Joanne Harris continues the story of Vianne Rocher, who was first seen in the delightful 1997 novel CHOCOLAT. Most will fondly recall the terrific Lasse Hallstrom film adaptation of the book, which starred A-List actors like Juliette Binoche, Johnny Depp, Alfred Molina and Dame Judi Dench.
As enjoyable as the movie was, it did not come anywhere near the power of the novel and only skimmed the surface of the underlying magic/occult theme that was at the center of the character conflicts. Harris followed up CHOCOLAT a few years back with the second novel in the Vianne Rocher series, THE GIRL WITH NO SHADOW, which found Vianne, her lover Roux, and daughters Anouk and baby Rosette now living in the suburbs of Paris. They cross paths with a powerful witch who pushes the family to the very boundaries of their beliefs and magical powers.
"PEACHES FOR FATHER FRANCIS is an amazingly charming title for a novel but does not come close to describing the tension that builds on nearly every page. Joanne Harris has continued to create an environment that is almost mythical yet remains grounded in the modern world with all the fears and prejudices that come along with it."
PEACHES FOR FATHER FRANCIS opens with Vianne receiving a letter from a deceased friend that appears out of the past. Armande (the role portrayed by Judi Dench in Chocolat) reaches out from beyond the grave in the form of a letter that beckons Vianne and her family back to the village of Lansquenet. It has been eight years since they left following the turmoil of which they were at the center.
The primary reason for Vianne’s departure from Lansquenet was the presence of Father Francis Reynaud. His devout Catholicism caused him to reject all that Vianne was about and he labeled her a witch. The chocolate shop that she ran has remained barren. Aside from that, it appears initially that not much has changed in the village.
Roux remains behind, and Vianne’s return to Lansquenet is with Anouk and Rosette. They find that a section of the village is now inhabited by a large population of Muslim residents who have migrated from Morocco. While some in the village welcome this cultural mix, most are threatened by it. Even though the novel takes place in modern times, there is no mention of 9/11 or the war on terror. Quite simply, the religious differences and fears would exist regardless of what era the book took place in.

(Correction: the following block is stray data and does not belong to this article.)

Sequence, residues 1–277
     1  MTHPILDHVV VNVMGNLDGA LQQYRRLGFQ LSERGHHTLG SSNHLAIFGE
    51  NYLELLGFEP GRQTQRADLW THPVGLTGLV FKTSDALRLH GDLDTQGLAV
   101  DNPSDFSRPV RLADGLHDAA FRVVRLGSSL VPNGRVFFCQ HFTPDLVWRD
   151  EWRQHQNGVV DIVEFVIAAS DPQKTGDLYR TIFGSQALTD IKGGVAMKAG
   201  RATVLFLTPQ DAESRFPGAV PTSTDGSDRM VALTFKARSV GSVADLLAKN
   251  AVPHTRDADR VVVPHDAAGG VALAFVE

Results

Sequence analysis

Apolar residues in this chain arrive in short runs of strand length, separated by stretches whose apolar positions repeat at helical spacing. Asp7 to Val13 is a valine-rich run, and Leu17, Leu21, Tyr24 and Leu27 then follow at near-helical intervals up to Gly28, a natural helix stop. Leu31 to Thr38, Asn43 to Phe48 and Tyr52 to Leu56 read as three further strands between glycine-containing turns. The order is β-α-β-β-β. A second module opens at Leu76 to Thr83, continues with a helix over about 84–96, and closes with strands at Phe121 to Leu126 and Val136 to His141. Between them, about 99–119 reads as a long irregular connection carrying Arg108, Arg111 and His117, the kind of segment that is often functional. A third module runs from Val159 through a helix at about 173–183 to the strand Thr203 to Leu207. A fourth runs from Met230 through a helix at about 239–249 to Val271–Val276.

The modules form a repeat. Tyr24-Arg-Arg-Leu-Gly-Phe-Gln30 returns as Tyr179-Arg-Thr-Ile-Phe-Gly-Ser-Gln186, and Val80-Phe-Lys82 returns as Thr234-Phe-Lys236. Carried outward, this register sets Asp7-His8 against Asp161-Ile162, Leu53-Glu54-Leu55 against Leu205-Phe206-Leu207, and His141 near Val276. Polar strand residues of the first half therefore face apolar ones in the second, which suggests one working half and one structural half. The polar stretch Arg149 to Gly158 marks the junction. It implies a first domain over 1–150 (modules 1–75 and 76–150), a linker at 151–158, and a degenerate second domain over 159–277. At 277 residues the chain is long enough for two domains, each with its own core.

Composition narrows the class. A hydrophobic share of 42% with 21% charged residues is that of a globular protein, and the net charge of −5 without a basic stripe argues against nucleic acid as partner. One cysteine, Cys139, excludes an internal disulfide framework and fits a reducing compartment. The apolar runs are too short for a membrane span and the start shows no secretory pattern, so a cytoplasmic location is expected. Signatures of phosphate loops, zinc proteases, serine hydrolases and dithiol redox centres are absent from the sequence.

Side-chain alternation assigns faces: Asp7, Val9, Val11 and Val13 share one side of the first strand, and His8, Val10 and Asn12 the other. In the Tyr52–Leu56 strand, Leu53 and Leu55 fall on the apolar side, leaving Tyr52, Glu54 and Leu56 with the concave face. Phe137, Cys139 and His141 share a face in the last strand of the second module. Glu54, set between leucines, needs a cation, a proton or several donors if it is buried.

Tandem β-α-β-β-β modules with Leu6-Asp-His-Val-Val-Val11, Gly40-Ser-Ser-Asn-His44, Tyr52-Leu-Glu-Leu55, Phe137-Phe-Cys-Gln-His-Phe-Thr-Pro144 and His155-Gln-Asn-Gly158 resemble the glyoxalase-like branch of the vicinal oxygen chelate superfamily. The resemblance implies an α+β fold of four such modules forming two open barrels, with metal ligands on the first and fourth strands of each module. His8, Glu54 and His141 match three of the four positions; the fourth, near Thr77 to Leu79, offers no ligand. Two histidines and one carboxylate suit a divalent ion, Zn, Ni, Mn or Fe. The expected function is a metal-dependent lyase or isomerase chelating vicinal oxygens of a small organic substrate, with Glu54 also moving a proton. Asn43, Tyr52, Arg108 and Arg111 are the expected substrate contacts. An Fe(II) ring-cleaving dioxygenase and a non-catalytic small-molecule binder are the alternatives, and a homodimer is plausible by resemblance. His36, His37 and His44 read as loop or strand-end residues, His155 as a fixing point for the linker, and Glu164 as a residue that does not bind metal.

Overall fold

As Vianne delves deeper, she finds that many of the residents are changed. Her old friend, Josephine, has a young boy born shortly after her own Rosette and appears to be hiding a relationship with Roux from Vianne. The biggest transition is in that of Father Francis. While he is still not a fan of Vianne’s, he has bigger fish to fry. He is at odds with the new Muslim residents of the village and finds himself seeking out Vianne’s assistance. When he mysteriously goes missing, Vianne must uncover the truth behind the tense relations before it spirals out of control into an all-out riot.
At the center of the Muslim community is the figure of Ines Bencharki, who some claim to be an evil spirit in human form sent to corrupt the innocent. If she is behind the disappearance of Father Francis, Vianne will require much more than good wishes and a few tarot card predictions to undo what is happening in Lansquenet.
PEACHES FOR FATHER FRANCIS is an amazingly charming title for a novel but does not come close to describing the tension that builds on nearly every page. Joanne Harris has continued to create an environment that is almost mythical yet remains grounded in the modern world with all the fears and prejudices that come along with it. The symbolic use of peaches takes on the same power that chocolate did in the first Vianne Rocher novel. Armande’s peach trees come in very handy as the peach itself represents a symbol of eternal life, which transcends all the quarrels taking place within this complex tale.
Reviewed by Ray Palen on November 2, 2012
Peaches for Father Francis